Ill-success, however, could not daunt the courage of the young missionary. He had now several years' experience in Huronia, and he was ready to fill any position in the field, chiefly on account of his complete mastery of the Huron tongue which Appreciated by gave him a remarkable ascendency Brebeuf over the tribes. Father de Brebeuf, himself an excellent judge in this matter, writing to the General in 1637, asserted that the missionaries in Huronia were in every way extraordinary workers, who combined, in an unusual manner, eloquence and union with God with a burning zeal for souls. "So persistent and studious are they all," he wrote, "that in only one or two years they have gained a truly wonderful proficiency in a language still rude and not reduced to grammatical rules. However, in this regard," he added, "Father Garnier ranks first." "He mastered the language of the savages so thoroughly," wrote Ragueneau, in his turn, twelve years later, "that they themselves were astonished at him." An indefatigable laborer and replete with every gift of nature and grace, he became an accomplished missionary. A more fruitful field than any yet offered him, where he would find ample scope for his zeal, was now allotted to him. This was Teanaostaye, 1 the largest village of the Cord clan, where a mission had been established in 1638. Here for six years he spent himself with all the devotedness and self1 Known also as St. Joseph II, situated on the Flanagan farm, west half of lot 7, concession IV, Medonte township. (Cf. Jones' Old Huronia, p. 19.)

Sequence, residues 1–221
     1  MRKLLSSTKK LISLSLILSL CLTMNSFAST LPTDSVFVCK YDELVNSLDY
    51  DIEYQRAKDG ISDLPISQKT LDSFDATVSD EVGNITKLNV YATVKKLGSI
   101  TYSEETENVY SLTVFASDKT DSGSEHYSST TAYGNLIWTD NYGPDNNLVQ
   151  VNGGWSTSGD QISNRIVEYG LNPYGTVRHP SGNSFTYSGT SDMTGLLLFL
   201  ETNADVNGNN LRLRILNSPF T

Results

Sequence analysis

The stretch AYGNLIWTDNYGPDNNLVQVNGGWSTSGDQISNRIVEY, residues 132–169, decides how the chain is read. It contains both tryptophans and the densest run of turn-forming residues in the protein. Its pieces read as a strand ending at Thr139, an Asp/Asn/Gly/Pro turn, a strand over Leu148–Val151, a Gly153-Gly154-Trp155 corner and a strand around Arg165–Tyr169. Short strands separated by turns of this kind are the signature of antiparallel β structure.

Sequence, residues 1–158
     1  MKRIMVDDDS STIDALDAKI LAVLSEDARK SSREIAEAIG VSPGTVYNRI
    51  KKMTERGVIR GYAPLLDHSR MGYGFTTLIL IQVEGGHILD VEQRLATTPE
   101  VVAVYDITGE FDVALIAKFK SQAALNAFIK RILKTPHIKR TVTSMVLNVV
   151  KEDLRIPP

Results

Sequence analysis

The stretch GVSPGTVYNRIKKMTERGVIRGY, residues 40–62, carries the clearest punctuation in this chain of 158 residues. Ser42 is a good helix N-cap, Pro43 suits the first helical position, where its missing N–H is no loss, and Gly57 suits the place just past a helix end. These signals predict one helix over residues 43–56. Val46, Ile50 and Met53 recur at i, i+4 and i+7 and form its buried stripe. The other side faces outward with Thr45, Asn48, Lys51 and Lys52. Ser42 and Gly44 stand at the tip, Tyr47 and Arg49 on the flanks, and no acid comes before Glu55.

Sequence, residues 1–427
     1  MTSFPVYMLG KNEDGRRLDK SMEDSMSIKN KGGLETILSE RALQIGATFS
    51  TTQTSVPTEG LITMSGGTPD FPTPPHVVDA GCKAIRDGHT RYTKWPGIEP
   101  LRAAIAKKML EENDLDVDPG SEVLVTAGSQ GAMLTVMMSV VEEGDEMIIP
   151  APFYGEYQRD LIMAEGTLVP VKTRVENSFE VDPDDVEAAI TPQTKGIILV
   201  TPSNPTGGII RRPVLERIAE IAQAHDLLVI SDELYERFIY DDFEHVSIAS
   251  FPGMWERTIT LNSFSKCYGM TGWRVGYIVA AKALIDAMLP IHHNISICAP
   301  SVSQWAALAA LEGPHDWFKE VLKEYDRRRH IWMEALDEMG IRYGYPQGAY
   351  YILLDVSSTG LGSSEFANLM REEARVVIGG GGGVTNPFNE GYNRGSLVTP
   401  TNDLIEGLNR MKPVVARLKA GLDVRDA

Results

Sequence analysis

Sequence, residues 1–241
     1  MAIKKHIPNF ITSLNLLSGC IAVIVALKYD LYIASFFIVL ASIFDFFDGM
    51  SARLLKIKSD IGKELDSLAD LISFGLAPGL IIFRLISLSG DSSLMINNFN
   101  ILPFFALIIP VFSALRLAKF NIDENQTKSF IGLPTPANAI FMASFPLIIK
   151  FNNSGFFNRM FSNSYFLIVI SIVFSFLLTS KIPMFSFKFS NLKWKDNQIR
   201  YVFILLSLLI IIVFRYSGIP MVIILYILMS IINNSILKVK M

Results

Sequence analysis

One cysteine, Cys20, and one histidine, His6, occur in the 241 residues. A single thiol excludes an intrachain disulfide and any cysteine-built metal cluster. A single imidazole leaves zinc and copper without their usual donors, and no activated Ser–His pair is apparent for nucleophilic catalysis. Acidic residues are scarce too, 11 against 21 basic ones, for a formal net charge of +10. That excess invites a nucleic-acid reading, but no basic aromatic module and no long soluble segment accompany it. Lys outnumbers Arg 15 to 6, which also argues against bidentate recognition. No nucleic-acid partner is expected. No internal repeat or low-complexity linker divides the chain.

I 16


sacrifice of which he was capable. From 1640 to 1646 he labored in season and out of season, instructing the dusky Hurons in the truths of religion, rooting out their superstitions, teaching them to recognize the one true God, urging them to pray to Him, conferring baptism on them, following them on the chase, strengthening their souls with the Sacraments, and burying them when they were dead. So thorough was his knowledge of the savage character, so deeply did he penetrate their hearts, and so powerful was the eloquence of his example that he drew the Hurons to him. His face, his eyes, his ges~ures, even his smiles, proclaimed his holiness; his very presence raised Huron hearts to God. The Relation of 1650 tells us that several were converted His personal to the faith at the mere aspect of his influence angelic face, and all who came in contact with him took away with them the liveliest impression of his virtue. "The love of God," wrote Ragueneau, "which reigned in his heart animated all his movements and made them holy." This interior perfection of soul was, after the manner of the saints, sustained by a rigid penitential life. Father Garnier's self-imposed bodily mortifications were many and severe. His bed, a combination of saplings and bark, was hard and uninviting; every time he returned from his mission journeys he sharpened the iron points of the belt which he wore next to his naked flesh; his only food was that of the savages themselves, that is to say, "the least the most miserable tramp could hope for in France." And thus this holy man preached